Kuchma declares war on corruption in government
by Roman Woronowycz
Kyiv Press Bureau
KYIV - President Leonid Kuchma fired the first salvo in his war on corruption by releasing two high-level government officials and dismissing the head of the committee on corruption and organized crime in Ukraine on February 14. It was the president's version of a Valentine's Day massacre.
Gone are Ukraine's Agriculture Minister Anatolii Khorishko and First Vice Minister of Transportation Leonid Zhelezniak, as well as the chairman of the Coordinating Committee on Corruption and Organized Crime of the Cabinet of Ministers. The committee chairmanship was given to Vice Prime Minister Vasyl Durdynets.
Maybe President Kuchma finally had his fill of the government's stalled efforts at rescucitating Ukraine's stuporous economy, which he in part blamed on regional-and ministerial-level leaders who pursue their personal agendas.
Or perhaps his resolute action was a result of his meeting with World Bank Chairman James Wolfensohn in Davos, Switzerland, at the International Economic Forum, where the banker noted the increase in corruption in Ukraine. According to Interfax-Ukraine, Mr. Wolfensohn called corruption a "threat to the growth of investments and the resolution of economic problems."
What is known is that at the February 14 meeting of the Coordinating Committee on Corruption and Organized Crime President Kuchma came down hard on everybody and accused all parts of the government for the growth of corruption in government. His speech implicated the Verkhovna Rada, district and city officials, heavy industry and health care, and his own prime minister, Petro Lazarenko, whom Mr. Kuchma accused of being soft on anti-corruption efforts.
President Kuchma's words were strong and clear: corruption at the highest levels of government would not be tolerated.
He specifically criticized several government ministries. "The situation in transportation is abysmal. The cost of train travel has risen 40 percent, while the floor has dropped out of the quality," he explained. He accused managers of the transportation industry of building "three- and four-story dachas" at a time when there are no longer enough trains on the tracks to accommodate travelers.
In agriculture, he implicated oblast leaders in hoarding grain and thus preventing government contracts from being filled.
He backed up his words after his presentation by signing decrees relieving Messrs. Khorishko and Zhelezniak of their portfolios.
President Kuchma also upbraided enforcement agencies for being lax in dealing with corruption in the energy and alcohol industries, "for whom certain participants in the domestic markets for natural gas, petroleum products, electricity, sugar and alcohol remain sacred cows," he said.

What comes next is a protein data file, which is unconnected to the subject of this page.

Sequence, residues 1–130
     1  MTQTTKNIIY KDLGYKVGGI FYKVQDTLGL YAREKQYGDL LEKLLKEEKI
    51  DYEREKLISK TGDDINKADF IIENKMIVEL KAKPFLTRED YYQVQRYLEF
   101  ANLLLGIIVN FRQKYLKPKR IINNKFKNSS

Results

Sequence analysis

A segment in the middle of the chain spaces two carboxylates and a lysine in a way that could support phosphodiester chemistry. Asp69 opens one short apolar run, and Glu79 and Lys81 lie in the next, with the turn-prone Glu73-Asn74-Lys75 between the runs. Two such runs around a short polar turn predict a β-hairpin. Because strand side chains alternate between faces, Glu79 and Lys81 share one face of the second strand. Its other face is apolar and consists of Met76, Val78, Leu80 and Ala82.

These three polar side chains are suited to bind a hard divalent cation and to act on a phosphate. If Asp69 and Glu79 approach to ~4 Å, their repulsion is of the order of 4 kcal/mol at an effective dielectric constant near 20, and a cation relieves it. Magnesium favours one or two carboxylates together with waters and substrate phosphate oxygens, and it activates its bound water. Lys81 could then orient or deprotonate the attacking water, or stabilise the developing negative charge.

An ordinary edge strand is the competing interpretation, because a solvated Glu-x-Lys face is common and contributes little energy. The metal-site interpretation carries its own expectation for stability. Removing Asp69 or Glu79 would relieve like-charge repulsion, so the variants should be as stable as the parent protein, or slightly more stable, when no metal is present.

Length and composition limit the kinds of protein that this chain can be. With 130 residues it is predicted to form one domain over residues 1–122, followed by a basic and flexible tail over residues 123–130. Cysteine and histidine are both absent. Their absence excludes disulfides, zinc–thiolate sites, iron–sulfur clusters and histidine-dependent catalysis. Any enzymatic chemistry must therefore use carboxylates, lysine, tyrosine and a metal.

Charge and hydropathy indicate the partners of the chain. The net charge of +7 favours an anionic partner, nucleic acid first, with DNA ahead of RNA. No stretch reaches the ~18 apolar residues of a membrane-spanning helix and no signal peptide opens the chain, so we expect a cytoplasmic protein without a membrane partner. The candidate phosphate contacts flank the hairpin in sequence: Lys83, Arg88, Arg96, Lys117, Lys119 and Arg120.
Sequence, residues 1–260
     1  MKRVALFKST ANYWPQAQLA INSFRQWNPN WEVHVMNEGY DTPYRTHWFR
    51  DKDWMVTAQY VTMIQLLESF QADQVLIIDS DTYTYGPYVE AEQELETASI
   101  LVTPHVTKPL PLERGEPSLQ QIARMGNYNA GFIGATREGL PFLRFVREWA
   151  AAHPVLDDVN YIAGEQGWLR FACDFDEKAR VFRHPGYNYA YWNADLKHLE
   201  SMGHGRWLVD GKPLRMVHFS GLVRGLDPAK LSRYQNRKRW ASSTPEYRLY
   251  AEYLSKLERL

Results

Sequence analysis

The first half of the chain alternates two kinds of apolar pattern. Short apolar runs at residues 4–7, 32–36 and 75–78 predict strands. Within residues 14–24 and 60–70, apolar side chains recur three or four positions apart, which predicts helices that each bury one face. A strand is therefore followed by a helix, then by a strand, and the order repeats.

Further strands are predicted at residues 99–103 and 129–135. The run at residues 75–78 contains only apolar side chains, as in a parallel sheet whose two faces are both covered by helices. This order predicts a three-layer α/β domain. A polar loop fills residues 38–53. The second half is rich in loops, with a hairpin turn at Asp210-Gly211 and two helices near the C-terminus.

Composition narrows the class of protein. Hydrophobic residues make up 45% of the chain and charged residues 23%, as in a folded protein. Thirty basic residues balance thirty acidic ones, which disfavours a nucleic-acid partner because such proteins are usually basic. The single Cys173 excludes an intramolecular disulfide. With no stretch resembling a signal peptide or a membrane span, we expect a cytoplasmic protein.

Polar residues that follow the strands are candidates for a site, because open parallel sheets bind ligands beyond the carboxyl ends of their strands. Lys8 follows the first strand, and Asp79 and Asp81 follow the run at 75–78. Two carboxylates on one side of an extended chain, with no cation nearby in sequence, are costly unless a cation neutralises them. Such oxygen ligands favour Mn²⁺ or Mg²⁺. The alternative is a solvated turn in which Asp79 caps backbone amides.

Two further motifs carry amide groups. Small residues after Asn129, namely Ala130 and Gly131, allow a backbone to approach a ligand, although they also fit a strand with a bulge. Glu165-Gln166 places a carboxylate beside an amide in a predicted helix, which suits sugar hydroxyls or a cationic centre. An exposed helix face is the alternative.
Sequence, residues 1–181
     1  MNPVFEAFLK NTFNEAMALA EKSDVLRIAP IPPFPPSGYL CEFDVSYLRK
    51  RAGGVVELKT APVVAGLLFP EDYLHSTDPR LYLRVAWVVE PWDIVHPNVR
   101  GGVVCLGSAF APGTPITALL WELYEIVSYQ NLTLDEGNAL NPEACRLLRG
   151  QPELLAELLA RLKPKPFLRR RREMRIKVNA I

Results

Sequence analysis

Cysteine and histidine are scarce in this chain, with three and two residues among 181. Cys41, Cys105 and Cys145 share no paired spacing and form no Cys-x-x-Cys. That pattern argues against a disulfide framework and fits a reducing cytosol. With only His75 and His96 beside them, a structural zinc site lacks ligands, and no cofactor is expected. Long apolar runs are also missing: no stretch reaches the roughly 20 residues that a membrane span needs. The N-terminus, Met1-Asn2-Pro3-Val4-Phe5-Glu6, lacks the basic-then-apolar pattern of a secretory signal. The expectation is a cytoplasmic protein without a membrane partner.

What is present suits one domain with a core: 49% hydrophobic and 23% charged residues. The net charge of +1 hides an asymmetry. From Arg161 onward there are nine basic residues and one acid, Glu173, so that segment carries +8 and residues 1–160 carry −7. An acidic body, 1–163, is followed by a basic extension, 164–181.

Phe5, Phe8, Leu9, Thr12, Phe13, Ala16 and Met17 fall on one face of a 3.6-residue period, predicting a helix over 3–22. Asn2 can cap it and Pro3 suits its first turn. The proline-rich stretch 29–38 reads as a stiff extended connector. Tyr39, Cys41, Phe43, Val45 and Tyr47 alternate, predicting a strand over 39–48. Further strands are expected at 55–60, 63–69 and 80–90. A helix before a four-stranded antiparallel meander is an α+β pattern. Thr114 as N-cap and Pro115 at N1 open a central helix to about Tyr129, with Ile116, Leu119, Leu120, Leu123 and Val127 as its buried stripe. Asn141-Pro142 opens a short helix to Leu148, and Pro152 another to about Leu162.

The president further lashed out at the government committees organized to fight corruption, a not-so-veiled criticism of the committee before which he spoke. "The media is uncovering more corruption than the committees that are supposed to fight it," he declared. "Corruption has infected a significant part of the state apparatus."
He said too many public officials had "dirty hands" and that it was time for a clean up effort, which he likened to the "clean hands" program in Poland, where an in-depth review has taken place to ferret out government administrators linked to corruption and crime.
The problem, however, as he explained it, is that "no sooner does the president mention the phrase 'clean hands' than he is confronted with a slew of insinuations, and what is most noteworthy is that it comes from those whose hands are not altogether clean."
The president did not absolve himself of blame for the spread of corruption, although he brought everybody else into the picture with him. "I have not and will not cleanse myself of the responsibility - the president is answerable for all that takes place in the country. But all parts of the government must shoulder their responsibility - the government, central and local administrations of government," he stated. They are to blame, first of all, for the failure to establish market reforms and a competitive market in Ukraine.
"The drawn-out transitional stage of society and the associated atmosphere of uncertainty and rudderlessness is a breeding ground, not only for social cynicism and apathy, but also for criminality and corruption," said President Kuchma.
Copyright © The Ukrainian Weekly, February 23, 1997, No. 8, Vol. LXV
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